“First week of harvest in the books, so let’s assess the situation. My hands… mangled. My back… feels like it switched places with Benjamin Button’s. My feet… excruciating, totally jacked up… and where the hell are my damn work boots?! Thanks Irma!” … journal entry, 9/28/17
I’ve always had a penchant for wine, but my fascination with winemaking was piqued by movies like “Bottle Shock”, “Sideways”, and “Walk In The Clouds” which all tend to present wine and world associated with it through rose’ colored glasses. This past Fall, I decided to go on a viticultural crusade, with the hopes of landing a position as a wine harvest intern for the coming season. However, given the fact that I had no wine making experience whatsoever, I tried to maintain a cautiously optimistic vibe about my prospects. Undeterred, I sent out slews of emails to all the vineyards I could think of in the hopes of hearing back. After a few weeks, I finally got an invite from Wynne Peterson-Nerdy, the head winemaker at Chehalem Wines, a family owned winery based in Newberg, Oregon famed for their Pinot Noirs.
It’s taken me up till now to decompress and fully reflect on my harvest experience at Chehalem. In a nutshell, working a harvest was one of the most intense, yet rewarding experiences I’ve ever had in my life. During harvest, days start long before dawn and are filled to the brim with a myriad of arduous tasks. Whether you’re sorting grapes, scaling ladders and catwalks to do punch-downs and pump-overs, washing barrels, excavating tons of pomace (grape skins, and seeds) out of fermentation tanks, barreling down (moving young wine into barrels), or prepping the winery for the arrival of new fruit from the vineyard, idle moments are pretty non-existent. As you can imagine coffee is a cherished commodity during harvest.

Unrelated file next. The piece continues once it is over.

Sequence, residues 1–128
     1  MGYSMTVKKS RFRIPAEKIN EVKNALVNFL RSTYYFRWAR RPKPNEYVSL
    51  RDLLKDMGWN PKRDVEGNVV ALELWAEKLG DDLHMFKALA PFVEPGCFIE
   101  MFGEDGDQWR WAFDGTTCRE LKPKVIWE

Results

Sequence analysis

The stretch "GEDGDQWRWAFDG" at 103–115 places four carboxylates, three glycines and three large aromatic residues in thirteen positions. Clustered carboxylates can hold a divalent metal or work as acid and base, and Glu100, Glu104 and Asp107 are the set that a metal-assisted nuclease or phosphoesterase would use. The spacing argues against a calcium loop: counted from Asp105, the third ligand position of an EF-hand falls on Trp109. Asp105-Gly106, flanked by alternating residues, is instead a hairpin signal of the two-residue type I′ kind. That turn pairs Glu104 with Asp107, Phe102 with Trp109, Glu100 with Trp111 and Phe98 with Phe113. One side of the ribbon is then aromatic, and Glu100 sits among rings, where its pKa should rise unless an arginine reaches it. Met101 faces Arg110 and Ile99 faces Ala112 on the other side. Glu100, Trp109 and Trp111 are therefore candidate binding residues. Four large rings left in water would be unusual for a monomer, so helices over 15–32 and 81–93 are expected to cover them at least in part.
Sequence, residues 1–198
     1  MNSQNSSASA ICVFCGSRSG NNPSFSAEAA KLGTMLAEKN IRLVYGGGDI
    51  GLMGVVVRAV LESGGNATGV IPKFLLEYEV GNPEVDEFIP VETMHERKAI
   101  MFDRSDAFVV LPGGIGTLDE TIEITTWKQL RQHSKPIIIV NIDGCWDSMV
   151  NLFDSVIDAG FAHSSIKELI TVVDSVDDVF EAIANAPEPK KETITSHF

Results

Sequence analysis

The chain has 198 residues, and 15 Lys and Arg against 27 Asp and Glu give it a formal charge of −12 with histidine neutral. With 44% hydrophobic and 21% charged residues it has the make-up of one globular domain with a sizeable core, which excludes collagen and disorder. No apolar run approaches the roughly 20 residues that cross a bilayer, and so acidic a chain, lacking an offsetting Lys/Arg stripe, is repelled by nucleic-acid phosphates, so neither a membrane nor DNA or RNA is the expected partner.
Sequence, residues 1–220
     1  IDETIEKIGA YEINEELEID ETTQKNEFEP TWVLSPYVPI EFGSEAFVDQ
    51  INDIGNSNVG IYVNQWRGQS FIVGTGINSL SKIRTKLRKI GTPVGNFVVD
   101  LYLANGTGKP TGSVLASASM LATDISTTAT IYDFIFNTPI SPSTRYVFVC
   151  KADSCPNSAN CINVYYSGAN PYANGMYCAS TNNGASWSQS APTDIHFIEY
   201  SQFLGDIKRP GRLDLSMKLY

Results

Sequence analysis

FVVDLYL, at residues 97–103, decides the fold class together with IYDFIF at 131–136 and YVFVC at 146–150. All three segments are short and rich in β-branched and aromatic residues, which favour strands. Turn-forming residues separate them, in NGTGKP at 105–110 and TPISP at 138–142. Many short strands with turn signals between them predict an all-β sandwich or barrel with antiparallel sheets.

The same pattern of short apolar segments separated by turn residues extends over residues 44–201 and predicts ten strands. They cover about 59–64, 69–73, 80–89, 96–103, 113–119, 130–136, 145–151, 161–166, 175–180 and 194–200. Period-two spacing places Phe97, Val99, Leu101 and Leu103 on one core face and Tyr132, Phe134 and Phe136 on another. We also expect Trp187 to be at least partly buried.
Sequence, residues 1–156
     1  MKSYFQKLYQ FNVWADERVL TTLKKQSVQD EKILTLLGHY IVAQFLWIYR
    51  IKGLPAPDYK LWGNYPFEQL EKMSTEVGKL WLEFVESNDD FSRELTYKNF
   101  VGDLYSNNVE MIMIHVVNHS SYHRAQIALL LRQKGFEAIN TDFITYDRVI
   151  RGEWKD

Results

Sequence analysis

The daily life of a harvest intern involves many chores, but the one that monopolizes the most time by far is cleaning. Whether it’s getting fermentation tanks ready for new grapes, hosing down the conveyer, washing out bins, cleaning out the fruit presses, or spraying down the cellar floor, cleaning is continuous throughout the day. Now let’s talk about punch-downs and pump-overs… the bane of a harvest intern’s existence. For punch-downs, it requires climbing on top of fermentation tanks, some measuring as much as 12 feet off the ground, armed with nothing but your courage and a tool reminiscent of an extra long, toilet plunger. Using this tool, requires you to physically push down with your entire body weight to break up and immerse the cap which is made up of the grape seeds and skins that have floated to the top. Some of these caps can be a half a foot thick or more which can make it really tough to break up, and the fact that we were doing about 20 -25 punch-downs a day, easily makes this one of the most physically taxing jobs during harvest. Then there are the pump-overs, where the fermenting juice from the bottom of the tank is pumped back over the top, in order to recirculate the mixture. This is done with the help of Medusa, a cumbersome hydraulic pump equipped with long heavy hoses.
Simply put, harvest is a total grind, 10- to 12-hour days with only one day off a week. This crucible of a schedule coupled with all physicality harvest work entails, takes an exacting toll on your entire body. Speaking for myself, after the first week of harvest I was a total wreck physically. My hands were blistered, severely chapped, and I developed joint pain in my fingers. I suffered from severe lower back pain, and then there were my feet. As I alluded to in my journal entry, due to Hurricane Irma I didn’t get my work boots in time for harvest, so for the first week I had to wear a pair of unforgiving rubber boots that offered no support for my arch-less feet. Needless to say, I could barely walk after the work day was over because my feet were in so much pain. The flipside to all this work is that I was in much better shape at the end, than when I started.
Judging from my account, you may think that I may have regretted ever having decided to work a wine harvest. The fact is nothing could be further from the truth. As difficult as harvest season was, I’m so glad to have been able to experience it. My main takeaways… there is something to be said about working with your hands, and creating something that people will eventually get to experience is truly a rewarding feeling. Being so closely connected to nature, and not to mention waking up everyday and being surrounded by the beautiful topography of the vineyard, is something that I miss more than I had expected to. And last but not least, the relationships I was able to build with the other harvest interns and the crew at the winery. Once you make it through harvest, there’s a bond that’s forged by this common experience you’ve completed together, and it’s one that I won't soon forget.